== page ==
7 Legal Mistakes that Small Business Owners Should Avoid

Developing good business habits early on will eliminate costly mistakes that threaten the long-term health of your business. Avoiding these common legal missteps will safeguard your business from financial setbacks, lawsuits, and unscrupulous business practices.

#1 — Ignoring Key Details

Do not skip legal details that are critical to your success. Stay on top of administrative filings, business license renewals, and tax reporting, for example, to keep your business running efficiently from year to year.


#2 — Having the Wrong Business Structure

Not having the proper legal structure for your business can leave you vulnerable to personal liability in the event that you are sued. Make sure you do your homework to understand the differences between a C corporation, S corporation, or LLC. Seek the advice of an attorney or tax professional to help you determine the best fit for your business.

#3 — Mixing Business and Personal Finances

While it might be convenient to switch between your personal finance and business accounts, doing so can place you at risk of personal liability should your business be sued for any reason. Protect yourself by keeping your business transactions clean and always separate from your personal accounts.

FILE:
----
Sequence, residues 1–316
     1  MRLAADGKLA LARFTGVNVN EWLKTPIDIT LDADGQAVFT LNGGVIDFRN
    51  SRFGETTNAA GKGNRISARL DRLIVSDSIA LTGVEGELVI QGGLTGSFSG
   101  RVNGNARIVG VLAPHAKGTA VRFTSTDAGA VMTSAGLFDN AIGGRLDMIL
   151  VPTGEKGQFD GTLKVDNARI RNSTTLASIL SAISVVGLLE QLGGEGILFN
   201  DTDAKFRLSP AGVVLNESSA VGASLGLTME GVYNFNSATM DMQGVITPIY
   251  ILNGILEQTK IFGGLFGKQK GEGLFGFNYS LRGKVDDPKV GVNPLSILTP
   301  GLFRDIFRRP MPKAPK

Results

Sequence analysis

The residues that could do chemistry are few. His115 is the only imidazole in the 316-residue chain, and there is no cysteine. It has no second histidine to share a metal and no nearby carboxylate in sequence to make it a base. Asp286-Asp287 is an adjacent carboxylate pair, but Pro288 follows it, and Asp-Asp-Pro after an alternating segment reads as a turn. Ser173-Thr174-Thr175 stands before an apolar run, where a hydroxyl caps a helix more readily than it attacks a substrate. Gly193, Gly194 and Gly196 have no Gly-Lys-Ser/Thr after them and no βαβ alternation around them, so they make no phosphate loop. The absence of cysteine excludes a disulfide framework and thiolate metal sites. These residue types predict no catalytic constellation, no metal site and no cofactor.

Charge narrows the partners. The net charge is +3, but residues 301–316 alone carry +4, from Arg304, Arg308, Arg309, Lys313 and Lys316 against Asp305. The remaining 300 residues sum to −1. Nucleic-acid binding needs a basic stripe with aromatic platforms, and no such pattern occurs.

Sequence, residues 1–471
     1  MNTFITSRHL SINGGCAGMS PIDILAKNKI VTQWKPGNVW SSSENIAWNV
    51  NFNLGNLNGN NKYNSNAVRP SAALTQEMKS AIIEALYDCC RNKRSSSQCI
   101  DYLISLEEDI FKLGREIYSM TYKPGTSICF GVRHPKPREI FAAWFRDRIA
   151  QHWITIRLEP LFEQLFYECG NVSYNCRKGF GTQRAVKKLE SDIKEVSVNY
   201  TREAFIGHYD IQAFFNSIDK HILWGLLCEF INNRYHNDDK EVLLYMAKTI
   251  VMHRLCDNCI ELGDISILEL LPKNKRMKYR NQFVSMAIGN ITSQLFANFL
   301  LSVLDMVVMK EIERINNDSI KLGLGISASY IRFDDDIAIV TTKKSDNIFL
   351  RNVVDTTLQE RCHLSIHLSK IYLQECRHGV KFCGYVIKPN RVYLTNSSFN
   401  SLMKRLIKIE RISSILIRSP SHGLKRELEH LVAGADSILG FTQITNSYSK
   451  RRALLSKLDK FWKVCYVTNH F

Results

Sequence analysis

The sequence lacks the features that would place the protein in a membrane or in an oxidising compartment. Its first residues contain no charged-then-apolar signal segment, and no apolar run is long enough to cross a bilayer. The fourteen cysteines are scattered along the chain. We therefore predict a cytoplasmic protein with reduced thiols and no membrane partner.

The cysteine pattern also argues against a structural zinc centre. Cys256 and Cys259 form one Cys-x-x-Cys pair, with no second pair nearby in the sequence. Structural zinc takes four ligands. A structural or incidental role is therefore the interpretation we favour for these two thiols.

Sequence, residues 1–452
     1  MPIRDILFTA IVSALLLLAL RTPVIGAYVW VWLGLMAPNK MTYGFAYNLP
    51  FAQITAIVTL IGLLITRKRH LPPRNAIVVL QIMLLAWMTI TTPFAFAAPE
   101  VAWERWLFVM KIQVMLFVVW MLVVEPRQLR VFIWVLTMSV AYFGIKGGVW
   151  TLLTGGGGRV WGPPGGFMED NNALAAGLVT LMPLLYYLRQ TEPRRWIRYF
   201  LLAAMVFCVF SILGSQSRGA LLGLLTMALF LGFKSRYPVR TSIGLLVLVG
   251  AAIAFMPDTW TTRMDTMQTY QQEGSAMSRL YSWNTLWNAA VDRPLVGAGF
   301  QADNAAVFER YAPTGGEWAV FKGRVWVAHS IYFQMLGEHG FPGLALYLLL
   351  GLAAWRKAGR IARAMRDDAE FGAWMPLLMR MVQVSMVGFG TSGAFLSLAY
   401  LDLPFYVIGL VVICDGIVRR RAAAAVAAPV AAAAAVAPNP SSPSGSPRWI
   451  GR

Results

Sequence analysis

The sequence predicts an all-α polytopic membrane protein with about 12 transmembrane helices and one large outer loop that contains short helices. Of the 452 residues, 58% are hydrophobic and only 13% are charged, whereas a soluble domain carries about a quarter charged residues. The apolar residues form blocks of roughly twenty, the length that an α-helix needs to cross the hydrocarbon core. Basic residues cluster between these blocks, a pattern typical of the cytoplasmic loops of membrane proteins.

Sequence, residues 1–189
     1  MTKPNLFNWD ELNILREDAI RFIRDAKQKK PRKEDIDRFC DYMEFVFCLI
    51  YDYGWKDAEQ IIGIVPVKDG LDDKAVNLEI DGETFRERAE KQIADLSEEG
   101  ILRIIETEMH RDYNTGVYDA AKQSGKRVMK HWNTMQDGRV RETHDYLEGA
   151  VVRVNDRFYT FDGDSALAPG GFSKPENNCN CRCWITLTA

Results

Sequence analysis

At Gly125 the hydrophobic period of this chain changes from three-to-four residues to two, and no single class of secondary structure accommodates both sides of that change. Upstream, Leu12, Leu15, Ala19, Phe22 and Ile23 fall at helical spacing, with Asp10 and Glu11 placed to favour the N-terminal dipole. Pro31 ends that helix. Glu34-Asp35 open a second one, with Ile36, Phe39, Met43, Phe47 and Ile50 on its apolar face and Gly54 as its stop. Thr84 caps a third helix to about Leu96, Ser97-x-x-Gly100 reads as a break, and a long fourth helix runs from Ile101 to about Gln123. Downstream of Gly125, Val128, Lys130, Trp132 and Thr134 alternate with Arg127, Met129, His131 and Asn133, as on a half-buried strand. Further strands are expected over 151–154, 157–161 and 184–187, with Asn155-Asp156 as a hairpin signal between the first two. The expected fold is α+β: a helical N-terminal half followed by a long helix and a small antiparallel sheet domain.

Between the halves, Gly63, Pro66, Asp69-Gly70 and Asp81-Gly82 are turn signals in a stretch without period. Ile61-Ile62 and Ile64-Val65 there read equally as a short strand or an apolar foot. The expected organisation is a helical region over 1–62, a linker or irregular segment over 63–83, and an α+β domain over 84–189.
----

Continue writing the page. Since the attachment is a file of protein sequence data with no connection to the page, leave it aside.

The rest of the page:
#4 — Not Protecting Intellectual Property

Doing business implies that your creative ideas and materials remain under your control and are not misused or misrepresented by others as their own. Make sure you have appropriate patents, trademarks and copyrights for all of your work.

#5 — Not Having Clear Hiring Agreements

Knowing the difference between an employee and an independent contractor and categorizing them appropriately will save you conflicts and potential lawsuits in the future. Have standard new hire agreements in place that address such issues as confidentiality and intellectual property to protect your rights after the business relationship has ended.

#6 — Not Getting Verbal Agreements in Writing

With the stress of multiple office demands, do not forget to put all verbal agreements with contractors, business partners, vendors and employees in writing. Most contracts are neither disputed nor presented in court, hence saving you time, money and worry in the long run.

#7 — Not Seeking Legal Advice

Finally, while it might be tempting to delay discussing your business with an attorney until a crisis arises, it is important that you seek legal advice “throughout the life of your business”. This will help you to stay abreast of new legal considerations that might impact your business and prepare you to take appropriate steps as your business needs change over time.


Avoiding these costly mistakes will provide a solid foundation for your business so that you can give more attention to your customers, clients, and employees.

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